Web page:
News this Week

Science  04 Apr 2003:
Vol. 300, Issue 5616, pp. 28

    A Setback and an Advance on the AIDS Vaccine Front

    1. Jon Cohen

    The frustrating search for an AIDS vaccine entered a new phase this week, as hopes for one approach all but died while prospects for another got a welcome boost when two of the world's largest pharmaceutical companies working on AIDS vaccines announced that they are joining forces.

    First, the bad news. For the past month, AIDS researchers have been eager to see the detailed results of the first full-scale efficacy test of an AIDS vaccine—a 5000-person, 3-year trial conducted by VaxGen of Brisbane, California, testing a genetically engineered version of HIV's surface protein, gp120. The company took a lot of heat when it announced on 24 February that although the vaccine failed to prevent infection in the test population as a whole, it offered some protection in blacks, Asians, and other minority groups (Science, 28 February, p. 1290). In a 31 March talk at a Keystone Symposium in Banff, Canada, VaxGen biochemist Phillip Berman provided the first scientific presentation of the results. He offered few surprises.

    Berman reported that the vaccine plainly failed overall; moreover, vaccinated people who became infected did not control the virus any better than those who had received placebo shots. That dashed VaxGen's hopes that the trial might turn up a secondary measure of efficacy. “There was no indication of protection in the overall trial population,” said Berman.

    Off target.

    VaxGen's AIDS shot fell short of expectations for chief scientist Phillip Berman (front) and CEO Don Francis.


    As for the results in racial subgroups, Berman took a cautious stance. When VaxGen first reported the results, it said the vaccine showed a statistically significant 67% efficacy in the relatively small number of black, Asian, and mixed-race trial participants. Berman conceded that the company's statistical analyses relied on the most generous interpretations of the results, but he went on to describe in detail several immunologic and virologic hints that the vaccine might have worked in some people.

    Preliminary data show, for example, that women and black men had higher levels of anti-HIV antibodies than the white men in the study. That, Berman said, might help explain their lower infection rates. In addition, molecular analysis of the HIV strains that infected people who had been vaccinated indicated that they differed substantially from the one used to make the vaccine, suggesting that the vaccine did not stop divergent strains but may have protected against similar strains. “The data won't go away,” said Berman. The company hopes to report results later this year from another large efficacy study of its vaccine now underway in Thailand.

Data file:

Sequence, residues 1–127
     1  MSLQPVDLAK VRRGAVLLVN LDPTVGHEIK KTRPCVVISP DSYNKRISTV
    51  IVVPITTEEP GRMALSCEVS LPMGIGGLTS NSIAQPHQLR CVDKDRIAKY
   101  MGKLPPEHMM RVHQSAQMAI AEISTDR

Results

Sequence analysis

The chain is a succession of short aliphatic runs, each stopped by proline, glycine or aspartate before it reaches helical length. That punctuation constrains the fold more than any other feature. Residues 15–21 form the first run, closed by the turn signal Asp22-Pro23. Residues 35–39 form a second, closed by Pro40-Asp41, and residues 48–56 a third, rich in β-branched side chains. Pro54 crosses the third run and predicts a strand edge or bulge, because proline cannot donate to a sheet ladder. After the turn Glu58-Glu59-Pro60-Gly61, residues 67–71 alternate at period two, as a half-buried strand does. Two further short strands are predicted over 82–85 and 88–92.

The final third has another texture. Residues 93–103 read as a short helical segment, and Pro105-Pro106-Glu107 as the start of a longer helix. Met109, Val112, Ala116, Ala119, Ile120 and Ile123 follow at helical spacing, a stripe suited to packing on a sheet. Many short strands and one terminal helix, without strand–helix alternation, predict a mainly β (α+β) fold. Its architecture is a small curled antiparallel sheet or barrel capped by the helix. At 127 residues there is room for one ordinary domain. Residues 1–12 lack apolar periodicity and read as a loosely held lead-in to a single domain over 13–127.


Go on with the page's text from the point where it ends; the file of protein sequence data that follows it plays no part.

Most researchers were not impressed, however. A leading critic of the VaxGen vaccine, John Moore of Cornell University's Weill Medical College in New York City, had a cutting, if understated, reaction to Berman's talk: “It was boring in many respects.”

    There was a bright spot on the AIDS vaccine front, though: The Franco-German company Aventis Pasteur and Merck & Co. of Whitehouse Station, New Jersey, announced that they plan to launch studies that combine their AIDS vaccines.

    As Merck's Emilio Emini explained at the Banff meeting, tests with monkeys show that combining the two companies' vaccines in a one-two punch may work better than any of the strategies the companies are testing separately in human trials. “We were driven by the data,” says Emini, who heads Merck's HIV vaccine program in West Point, Pennsylvania.

    Merck and Aventis Pasteur have both developed AIDS vaccines that stitch HIV genes into harmless viruses. Emini reported that, in monkey studies pitting various combinations of vaccines against each other, Merck's adenovirus-based HIV vaccine chased with a booster dose of the Aventis canarypox/HIV vaccine led to some of the strongest immune responses observed. Human trials of the Merck vaccine followed by the Aventis preparation are awaiting U.S. regulatory approval and could start in the next few months.